The flip side of liking the clients is that it greatly increases the rate of burn out among career defenders. Constantly seeing the human misery endemic to the lives of most defendants takes a toll on defenders. Many report being unable to leave visions of this misery at the workplace. Home and family life then suffer. One defensive mechanism is developing a sense of humor. The ability to laugh at the sometimes foolish acts of our clients helps many attorneys survive.

While it is not so difficult to develop genuine feelings for the clients, some lawyers just do not like jobs requiring direct client contact. Going into poor neighborhoods or drug-infested areas to search for, or interview, witnesses is something not all lawyers would enjoy. While they may share the same defense-oriented leanings, these lawyers prefer jobs that are more cerebral or policy oriented. If you feel that you may fall into this category, you may want to consider working in the appeals section of a public defender’s office. Appellate lawyers get to argue the cutting edge criminal law issues without having to deal with the stresses of direct client contact. Other options include the special litigation divisions of defender organizations that handle “larger” constitutional issues that arise indirectly in the course of representing indigent clients.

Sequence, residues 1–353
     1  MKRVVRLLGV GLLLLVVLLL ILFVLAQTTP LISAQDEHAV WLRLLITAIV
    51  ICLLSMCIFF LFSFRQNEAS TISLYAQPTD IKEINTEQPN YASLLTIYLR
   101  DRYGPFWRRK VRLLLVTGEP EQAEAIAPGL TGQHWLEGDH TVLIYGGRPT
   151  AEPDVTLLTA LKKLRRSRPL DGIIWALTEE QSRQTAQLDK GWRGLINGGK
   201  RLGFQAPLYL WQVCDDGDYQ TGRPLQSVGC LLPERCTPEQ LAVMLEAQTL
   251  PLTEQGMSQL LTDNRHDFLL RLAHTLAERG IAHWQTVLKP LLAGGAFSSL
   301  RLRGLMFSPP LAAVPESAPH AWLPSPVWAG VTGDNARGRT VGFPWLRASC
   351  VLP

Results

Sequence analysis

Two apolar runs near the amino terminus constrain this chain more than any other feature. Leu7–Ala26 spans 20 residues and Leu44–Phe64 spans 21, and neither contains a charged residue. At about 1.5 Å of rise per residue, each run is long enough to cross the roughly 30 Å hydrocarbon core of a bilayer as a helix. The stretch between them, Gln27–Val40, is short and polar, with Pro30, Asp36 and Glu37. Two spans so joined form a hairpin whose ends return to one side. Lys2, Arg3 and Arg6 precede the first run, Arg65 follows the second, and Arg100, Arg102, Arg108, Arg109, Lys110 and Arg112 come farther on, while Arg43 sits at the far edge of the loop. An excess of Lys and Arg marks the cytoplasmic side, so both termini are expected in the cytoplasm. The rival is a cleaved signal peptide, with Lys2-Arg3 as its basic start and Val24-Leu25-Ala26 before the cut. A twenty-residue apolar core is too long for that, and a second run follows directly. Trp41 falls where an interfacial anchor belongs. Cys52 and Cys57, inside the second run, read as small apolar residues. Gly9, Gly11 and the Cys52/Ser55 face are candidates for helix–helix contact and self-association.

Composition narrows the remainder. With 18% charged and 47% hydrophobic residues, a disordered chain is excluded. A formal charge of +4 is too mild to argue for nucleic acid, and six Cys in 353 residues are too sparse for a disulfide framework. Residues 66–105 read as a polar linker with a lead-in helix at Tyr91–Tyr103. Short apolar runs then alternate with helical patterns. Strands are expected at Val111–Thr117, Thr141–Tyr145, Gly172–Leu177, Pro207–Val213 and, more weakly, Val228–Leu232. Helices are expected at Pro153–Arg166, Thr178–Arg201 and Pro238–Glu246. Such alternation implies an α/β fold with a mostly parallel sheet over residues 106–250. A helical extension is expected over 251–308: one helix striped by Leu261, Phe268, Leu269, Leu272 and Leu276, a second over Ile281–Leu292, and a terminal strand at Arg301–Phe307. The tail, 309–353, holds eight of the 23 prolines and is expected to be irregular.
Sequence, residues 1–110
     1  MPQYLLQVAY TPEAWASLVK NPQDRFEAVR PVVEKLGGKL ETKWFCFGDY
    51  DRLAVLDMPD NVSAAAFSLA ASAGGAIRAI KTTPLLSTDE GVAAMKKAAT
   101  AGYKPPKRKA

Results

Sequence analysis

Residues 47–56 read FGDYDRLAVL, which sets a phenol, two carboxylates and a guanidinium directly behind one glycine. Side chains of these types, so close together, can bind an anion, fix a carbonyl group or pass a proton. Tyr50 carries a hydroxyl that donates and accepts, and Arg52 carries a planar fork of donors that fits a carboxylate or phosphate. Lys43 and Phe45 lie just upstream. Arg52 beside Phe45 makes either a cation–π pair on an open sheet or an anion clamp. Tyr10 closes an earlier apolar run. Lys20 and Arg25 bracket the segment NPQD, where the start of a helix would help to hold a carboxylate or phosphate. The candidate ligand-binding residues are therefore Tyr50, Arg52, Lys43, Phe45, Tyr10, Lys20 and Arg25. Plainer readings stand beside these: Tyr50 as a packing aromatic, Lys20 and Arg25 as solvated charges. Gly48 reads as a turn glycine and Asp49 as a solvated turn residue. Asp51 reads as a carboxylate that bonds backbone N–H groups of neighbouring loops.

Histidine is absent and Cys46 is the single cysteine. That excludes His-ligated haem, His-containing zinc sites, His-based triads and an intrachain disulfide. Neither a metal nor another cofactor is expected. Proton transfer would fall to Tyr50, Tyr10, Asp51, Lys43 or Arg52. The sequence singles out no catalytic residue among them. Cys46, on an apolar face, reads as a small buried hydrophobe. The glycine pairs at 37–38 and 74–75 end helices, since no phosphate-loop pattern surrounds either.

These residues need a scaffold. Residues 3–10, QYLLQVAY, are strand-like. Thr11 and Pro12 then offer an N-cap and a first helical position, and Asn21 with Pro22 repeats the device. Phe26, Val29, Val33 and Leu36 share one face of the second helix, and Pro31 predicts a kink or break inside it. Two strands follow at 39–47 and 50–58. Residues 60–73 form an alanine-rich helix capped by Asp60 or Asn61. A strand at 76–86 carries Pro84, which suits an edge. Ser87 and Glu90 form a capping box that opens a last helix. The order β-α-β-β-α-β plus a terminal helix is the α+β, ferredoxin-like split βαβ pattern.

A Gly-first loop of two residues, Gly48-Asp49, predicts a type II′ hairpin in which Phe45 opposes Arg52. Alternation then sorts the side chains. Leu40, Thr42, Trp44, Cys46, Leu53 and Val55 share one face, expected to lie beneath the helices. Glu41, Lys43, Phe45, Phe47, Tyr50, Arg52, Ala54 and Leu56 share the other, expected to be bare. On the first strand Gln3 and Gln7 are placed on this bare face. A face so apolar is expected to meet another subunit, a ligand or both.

4. Do you have the people skills necessary to do this job?
A common misconception is that trial lawyers are all extroverts, former class presidents with a need to be in the spotlight. Based on my experience meeting and working with public defenders over my career, this is not an accurate perception. To be a successful public defender, one need not be a showman. Relatively shy people can be excellent public defenders as long as that shyness does not carry over into trial work. For example, at parties, you may be afraid to speak to people you don’t know, shy about interjecting your point of view into a discussion, and generally not the life of the party; however, at work, you may not be shy when speaking to clients, witnesses, prosecutors or judges. While shyness may make you nervous before each and every jury trial, once jury selection begins, shyness frequently disappears when you focus on the business of trying to win the case. This is not to say that extroverts have no place in criminal defense–William Kunstler, Jerry Spence and Leslie Abramson are prominent examples–but students who initially feel unsure about how they will do in front of a jury should not allow that insecurity to deter them from a career in which they may do quite well.